9. Now it's time for your eyebrows. I'm going to assume that you've already plucked the shape. Use a brown eye brow pencil. Use it at an angle and start tracing your natural brow. Then add a little at the upper edge to thicken them just a teeny bit. How far out to go? Most makeup artists will tell you to take the pencil and hold it with the end at the tip of your nose and the body going across the outer corner of your eye - where it meets the natural line is as far as you dare go. I usually stop a bit short of that. Now use an eyebrow brush, going upwards and outwards so that all pencil strokes are evenly blended. [HINT: It is better to do this halfway than too much. You don't want big, bushy looking lashes. I use a lighter color pencil than my mentor gave me because I tend to put it on too heavy.]

  10. Take a deep breath and relax. Check yourself over. Fix anything that needs to be fixed. Take a few sips of coffee; have a cigarette.

  11. It's time for the foundation. If this takes less than three minutes, you're not doing it right; take your time. Make sure you shake the bottle well. Shake some onto your finger tip. I start on my forehead and dab three spots with the first being just above the top of my nose, one left and one right. Now with the "dab and smear" technique, blend it out and up. Remember to go higher than where your wig goes if you wear one. Go all the way to the hair line (and even into it) on the sides. You make need more than one dab. Then use half dabs on your temples, blending up to the forehead foundation. Work down the face and nose. Don't worry about getting real close on your lower lids yet - or in the side creases of your nose. Remember to go on down your neck covering all the concealer. Also go behind your jaw line a bit - there was probably a little beard there.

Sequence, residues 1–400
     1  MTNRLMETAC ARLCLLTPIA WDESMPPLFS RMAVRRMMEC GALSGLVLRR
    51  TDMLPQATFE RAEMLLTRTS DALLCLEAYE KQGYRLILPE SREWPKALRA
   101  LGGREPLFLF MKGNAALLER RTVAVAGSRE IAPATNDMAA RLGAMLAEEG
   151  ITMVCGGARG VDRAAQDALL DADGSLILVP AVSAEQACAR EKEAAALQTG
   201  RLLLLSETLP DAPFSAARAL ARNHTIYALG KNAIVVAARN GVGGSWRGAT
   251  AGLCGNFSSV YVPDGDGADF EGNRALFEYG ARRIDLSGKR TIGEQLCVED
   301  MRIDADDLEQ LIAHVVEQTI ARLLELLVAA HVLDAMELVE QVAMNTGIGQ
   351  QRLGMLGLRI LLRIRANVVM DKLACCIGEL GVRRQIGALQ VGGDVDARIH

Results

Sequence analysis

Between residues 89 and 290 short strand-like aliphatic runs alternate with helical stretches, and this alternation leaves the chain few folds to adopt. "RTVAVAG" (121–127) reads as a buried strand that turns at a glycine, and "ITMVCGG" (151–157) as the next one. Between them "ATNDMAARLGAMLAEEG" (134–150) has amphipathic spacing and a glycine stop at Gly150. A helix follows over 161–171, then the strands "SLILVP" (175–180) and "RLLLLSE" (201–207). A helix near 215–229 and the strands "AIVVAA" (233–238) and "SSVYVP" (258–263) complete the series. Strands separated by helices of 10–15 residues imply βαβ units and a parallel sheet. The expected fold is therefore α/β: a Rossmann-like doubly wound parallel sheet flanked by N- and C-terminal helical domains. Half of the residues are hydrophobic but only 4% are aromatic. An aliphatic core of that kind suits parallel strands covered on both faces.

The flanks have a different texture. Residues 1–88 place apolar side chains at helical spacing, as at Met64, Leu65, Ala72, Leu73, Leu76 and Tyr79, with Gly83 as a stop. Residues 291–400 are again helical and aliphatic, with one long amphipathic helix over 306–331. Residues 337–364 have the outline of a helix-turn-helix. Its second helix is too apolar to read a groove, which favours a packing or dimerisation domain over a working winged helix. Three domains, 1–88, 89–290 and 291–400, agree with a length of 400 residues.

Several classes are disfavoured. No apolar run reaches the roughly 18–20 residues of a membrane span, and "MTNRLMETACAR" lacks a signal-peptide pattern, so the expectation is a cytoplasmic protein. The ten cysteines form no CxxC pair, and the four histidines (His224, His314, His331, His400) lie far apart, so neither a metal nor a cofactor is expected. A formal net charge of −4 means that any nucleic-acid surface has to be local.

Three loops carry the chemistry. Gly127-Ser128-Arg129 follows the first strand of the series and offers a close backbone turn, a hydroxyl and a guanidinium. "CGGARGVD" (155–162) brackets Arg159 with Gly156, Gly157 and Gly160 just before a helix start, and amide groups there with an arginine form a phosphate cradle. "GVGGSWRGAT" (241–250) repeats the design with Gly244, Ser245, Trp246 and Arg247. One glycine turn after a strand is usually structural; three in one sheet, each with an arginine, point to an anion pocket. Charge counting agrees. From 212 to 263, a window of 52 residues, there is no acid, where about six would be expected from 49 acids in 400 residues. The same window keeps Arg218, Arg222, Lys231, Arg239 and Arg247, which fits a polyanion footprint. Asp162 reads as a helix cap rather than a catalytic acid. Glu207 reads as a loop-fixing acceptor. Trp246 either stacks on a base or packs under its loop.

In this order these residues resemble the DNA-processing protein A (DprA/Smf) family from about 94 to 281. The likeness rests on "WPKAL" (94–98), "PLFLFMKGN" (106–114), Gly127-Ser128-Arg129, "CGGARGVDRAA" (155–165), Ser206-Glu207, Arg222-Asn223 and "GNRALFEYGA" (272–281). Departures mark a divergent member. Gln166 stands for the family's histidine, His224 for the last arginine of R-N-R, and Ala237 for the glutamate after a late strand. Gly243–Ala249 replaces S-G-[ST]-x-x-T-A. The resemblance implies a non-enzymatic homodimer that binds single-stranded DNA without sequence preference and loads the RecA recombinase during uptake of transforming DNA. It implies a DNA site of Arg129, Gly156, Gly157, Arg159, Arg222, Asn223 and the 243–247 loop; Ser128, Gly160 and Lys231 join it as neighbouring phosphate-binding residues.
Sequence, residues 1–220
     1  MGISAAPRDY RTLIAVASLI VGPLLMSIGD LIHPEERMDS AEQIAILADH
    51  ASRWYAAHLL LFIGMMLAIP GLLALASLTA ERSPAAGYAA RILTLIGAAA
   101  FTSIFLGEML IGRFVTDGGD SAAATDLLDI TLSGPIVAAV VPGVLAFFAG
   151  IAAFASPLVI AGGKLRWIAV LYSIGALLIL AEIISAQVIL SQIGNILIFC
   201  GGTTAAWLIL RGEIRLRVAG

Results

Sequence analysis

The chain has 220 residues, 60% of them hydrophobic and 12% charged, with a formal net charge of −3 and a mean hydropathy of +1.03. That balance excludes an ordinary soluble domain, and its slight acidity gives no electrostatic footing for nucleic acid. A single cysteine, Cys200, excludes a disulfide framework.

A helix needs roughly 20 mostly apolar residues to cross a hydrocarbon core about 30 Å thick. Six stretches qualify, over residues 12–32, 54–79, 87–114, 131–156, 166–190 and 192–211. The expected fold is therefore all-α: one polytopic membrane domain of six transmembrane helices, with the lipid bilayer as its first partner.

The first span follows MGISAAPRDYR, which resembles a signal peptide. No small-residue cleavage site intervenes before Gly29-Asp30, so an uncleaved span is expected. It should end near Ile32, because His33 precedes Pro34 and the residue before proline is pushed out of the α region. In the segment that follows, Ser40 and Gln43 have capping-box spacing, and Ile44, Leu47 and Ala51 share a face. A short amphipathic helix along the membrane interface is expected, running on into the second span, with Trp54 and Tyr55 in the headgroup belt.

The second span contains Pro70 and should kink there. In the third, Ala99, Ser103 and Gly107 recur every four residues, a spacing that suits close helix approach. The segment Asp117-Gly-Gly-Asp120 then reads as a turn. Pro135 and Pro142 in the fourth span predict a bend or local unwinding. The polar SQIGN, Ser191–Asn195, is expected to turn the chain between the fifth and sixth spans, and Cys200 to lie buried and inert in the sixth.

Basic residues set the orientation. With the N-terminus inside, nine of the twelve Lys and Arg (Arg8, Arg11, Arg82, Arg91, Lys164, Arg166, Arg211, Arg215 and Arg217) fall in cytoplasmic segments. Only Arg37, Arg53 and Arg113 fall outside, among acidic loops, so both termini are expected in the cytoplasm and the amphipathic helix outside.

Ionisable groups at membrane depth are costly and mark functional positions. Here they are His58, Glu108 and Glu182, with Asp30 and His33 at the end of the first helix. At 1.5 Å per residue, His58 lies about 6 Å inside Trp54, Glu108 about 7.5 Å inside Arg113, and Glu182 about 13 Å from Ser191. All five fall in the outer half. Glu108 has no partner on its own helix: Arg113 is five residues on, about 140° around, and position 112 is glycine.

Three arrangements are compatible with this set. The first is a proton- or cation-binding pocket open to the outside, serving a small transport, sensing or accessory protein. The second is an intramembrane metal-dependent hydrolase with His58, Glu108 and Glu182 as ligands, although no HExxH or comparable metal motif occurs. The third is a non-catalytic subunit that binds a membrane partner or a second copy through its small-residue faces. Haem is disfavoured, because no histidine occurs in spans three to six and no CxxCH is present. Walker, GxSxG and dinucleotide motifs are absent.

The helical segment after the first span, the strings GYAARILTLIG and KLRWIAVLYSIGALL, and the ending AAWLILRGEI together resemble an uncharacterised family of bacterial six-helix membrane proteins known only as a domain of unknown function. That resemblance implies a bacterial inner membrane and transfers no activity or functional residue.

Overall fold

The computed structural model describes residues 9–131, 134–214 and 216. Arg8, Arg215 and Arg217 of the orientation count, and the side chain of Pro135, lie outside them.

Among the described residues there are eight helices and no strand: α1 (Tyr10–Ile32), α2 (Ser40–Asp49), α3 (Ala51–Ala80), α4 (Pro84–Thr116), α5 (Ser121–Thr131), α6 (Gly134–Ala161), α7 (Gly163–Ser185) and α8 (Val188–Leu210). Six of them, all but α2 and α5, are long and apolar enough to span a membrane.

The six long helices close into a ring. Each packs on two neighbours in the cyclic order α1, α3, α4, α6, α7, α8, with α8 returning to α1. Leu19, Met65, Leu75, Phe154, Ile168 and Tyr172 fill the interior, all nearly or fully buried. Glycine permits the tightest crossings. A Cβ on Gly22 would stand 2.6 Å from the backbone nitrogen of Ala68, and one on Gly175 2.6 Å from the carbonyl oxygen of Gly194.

12. Now, to finish the foundation, grab another (clean and dry) cotton swab. Dip it in the foundation (I rub around the inside of the bottle neck). Now apply it sparingly to the inside of your eyes where there was no shadow or liner (the point is to leave no natural skin showing). With a bit more foundation, get the lower lids right up to the lashes. Now put a bit more in the creases of your nose, and possibly on into the edges of your nostrils. You're goal is a consistent color all over your face and neck. Now double check everything in the mirror. Turn off some of the light and look again. Fix any flaws you might find. Take a deep breath and relax.

  13. Now you need a big pouf brush (they sell it with that name). Wipe it on your towel. Shake it in the air. Dip it into your face powder and then tap off the excess - there will be some. Gently, from the forehead down, poof it onto your face. I don't mind doing spots more than once - the powder is setting the foundation and drying up the excess oils, if there is too much, the poofing will knock it loose. Should you end up looking like there's too much powder, clean the brush on the towel and poof away without any more powder.